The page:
CUYAHOGA FALLS — Prior to last week’s vote, residents including the city’s former community development director were among a large crowd who shared their thoughts with City Council on the city’s proposal to create a new division handling neighborhood excellence, communications and community outreach.

Mark Bosko, vice president of marketing and public relations for Western Reserve Hospital, said April 16 he supported the city’s proposal for the Neighborhood Excellence, Communications and Community Outreach (NECCO) department.

"This role would allow for focused, streamlined, coordinating consistent messaging to all audiences, primarily first your citizens, Council, staffs that work for the city, businesses and the media," said Bosko. "[In] an organization your size, this is extremely needed."

He noted he felt the city was at a point "where the growth and the progress that has come could be amplified with a person focusing specifically on these communications."

But Susan Truby, who served as the city’s community development director under previous Mayor Don Robart, said the previous administration promoted many of the same programs the city has now.

"In the past, they were all executed with our existing employees," said Truby. "I don’t think you need to create four political patronage jobs to oversee any of these types of activities."

Truby noted while she felt Bosko’s comments, she noted the hospital is in "the private sector … We’re the government, …and we’re responsible for tax dollars."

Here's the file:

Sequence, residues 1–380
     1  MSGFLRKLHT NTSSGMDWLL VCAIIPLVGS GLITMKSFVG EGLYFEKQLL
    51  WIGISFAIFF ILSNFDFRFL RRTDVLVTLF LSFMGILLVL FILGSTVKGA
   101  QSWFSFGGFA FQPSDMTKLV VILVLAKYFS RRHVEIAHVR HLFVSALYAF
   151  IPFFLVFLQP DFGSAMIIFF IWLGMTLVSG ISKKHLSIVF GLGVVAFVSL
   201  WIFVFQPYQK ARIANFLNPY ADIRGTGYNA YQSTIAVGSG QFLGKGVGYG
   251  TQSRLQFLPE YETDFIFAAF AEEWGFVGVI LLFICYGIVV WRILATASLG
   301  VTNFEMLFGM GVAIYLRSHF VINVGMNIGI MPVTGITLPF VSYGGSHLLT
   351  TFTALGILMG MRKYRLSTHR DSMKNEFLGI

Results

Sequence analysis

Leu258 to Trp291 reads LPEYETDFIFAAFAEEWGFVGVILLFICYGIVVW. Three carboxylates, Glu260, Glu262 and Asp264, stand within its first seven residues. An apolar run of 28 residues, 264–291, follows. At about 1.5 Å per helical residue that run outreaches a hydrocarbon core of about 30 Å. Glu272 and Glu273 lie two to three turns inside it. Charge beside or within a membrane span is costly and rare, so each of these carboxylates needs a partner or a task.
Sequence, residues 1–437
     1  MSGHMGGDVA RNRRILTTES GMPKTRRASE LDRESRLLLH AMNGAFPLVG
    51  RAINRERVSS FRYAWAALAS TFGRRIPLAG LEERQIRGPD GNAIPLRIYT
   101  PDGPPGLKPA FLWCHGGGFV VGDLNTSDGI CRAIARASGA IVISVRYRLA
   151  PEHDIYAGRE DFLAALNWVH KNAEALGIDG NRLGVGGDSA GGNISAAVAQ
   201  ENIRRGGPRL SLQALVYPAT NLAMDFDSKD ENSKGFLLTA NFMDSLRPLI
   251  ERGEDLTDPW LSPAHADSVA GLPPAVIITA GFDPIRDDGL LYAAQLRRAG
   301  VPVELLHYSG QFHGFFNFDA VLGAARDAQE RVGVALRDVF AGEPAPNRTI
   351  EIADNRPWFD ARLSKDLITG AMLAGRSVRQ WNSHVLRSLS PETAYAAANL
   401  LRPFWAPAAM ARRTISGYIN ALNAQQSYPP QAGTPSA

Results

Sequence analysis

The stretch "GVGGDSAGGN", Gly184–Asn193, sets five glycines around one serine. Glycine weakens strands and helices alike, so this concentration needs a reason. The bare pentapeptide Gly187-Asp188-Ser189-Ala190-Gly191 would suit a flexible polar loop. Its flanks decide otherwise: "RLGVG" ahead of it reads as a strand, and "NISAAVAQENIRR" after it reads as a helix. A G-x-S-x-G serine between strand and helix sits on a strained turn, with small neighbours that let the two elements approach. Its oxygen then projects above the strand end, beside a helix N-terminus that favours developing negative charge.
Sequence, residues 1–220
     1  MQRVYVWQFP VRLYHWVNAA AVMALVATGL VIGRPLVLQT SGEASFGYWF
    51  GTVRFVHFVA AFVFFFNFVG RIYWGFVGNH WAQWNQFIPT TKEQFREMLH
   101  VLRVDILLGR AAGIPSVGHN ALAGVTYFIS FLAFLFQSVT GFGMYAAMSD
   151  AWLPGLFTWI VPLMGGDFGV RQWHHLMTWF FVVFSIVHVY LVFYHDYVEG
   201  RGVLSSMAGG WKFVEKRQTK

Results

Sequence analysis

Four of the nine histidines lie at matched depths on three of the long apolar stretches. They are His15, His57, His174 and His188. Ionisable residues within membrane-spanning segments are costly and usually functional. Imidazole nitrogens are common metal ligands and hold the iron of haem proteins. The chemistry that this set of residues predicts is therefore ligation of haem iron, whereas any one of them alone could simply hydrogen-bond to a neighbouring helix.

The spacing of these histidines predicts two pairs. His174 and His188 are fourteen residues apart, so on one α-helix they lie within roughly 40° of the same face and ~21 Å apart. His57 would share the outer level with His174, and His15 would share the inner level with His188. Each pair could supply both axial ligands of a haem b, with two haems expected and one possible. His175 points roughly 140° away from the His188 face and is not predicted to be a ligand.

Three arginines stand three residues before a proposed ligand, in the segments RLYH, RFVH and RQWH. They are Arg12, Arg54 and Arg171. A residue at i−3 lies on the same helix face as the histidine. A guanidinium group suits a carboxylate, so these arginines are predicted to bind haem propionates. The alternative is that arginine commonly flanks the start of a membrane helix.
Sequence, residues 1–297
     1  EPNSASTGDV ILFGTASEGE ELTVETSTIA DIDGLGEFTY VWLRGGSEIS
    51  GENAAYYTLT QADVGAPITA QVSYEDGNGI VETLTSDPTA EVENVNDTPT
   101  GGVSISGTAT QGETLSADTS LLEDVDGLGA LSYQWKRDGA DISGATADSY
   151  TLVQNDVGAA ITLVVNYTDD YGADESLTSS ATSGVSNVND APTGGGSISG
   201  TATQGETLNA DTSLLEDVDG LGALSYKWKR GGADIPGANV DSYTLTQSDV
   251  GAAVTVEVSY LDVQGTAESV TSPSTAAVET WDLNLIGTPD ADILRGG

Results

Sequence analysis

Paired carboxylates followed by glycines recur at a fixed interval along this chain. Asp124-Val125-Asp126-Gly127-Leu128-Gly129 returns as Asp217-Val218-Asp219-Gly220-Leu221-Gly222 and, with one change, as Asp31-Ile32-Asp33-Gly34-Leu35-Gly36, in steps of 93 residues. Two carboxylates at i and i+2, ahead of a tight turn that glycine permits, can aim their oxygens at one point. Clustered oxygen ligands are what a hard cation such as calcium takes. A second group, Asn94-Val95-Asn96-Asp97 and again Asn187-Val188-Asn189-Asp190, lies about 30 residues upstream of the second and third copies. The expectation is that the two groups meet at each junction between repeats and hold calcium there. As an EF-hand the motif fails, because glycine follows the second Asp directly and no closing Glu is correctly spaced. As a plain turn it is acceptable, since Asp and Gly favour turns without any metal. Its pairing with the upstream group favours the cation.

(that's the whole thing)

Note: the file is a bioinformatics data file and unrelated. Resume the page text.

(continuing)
Law Director Russ Balthis said the four jobs in the NECCO department were not "political patronage" positions: The Public Utility Customer Advocate position is being renamed Public Utilities and Community Outreach Coordinator and is a civil service position. He said the other three jobs are anticipated to be filled by current city employees, and noted that the one position being eliminated — Riverfront Centre District Manager — was a "political patronage position" created by the previous administration.

Other residents also offered their thoughts on the proposal.

Tom Sullivan said that putting all of the programs that benefit residents "underneath the realm of one area gets it to where we’re circulating facts, not rumors."

Noting he is a Neighborhood Ambassador, Sullivan added he thought the Neighborhood Excellence Initiative is "a really, really good program" that is "worth funding."

"The administration has figured out how to do it so that it’s budget-neutral," said Sullivan. "Let’s go for it."

Selena Cole said she is a Neighborhood Ambassador and noted she and others participate in the program because it is "heartfelt and we want give back to our community. It is not a stepping stone. I don’t want to run for City Council in 10 years. It’s not why I’m doing this."

Sandra Dixon said she had read an article about the Neighborhood Excellence Initiative, and noted "there were a lot of popular buzz words, but there was nothing there that points to a critical need to spend hundreds of thousands of dollars."

Dixon said it was her understanding that the duties of NECCO "are already being handled by existing departments."

"Increased efficiencies are not hard-dollar savings, unless jobs are eliminated," said Dixon. "The proposal does not seem to detail any means to measure performance."

Jim Davis said the program "makes sense," and noted several speakers had said they thought the initiative was a good idea.

"If it’s a good idea, do it," said Davis.

Reporter Phil Keren can be reached at 330-541-9421,, or on Twitter at @keren_phil.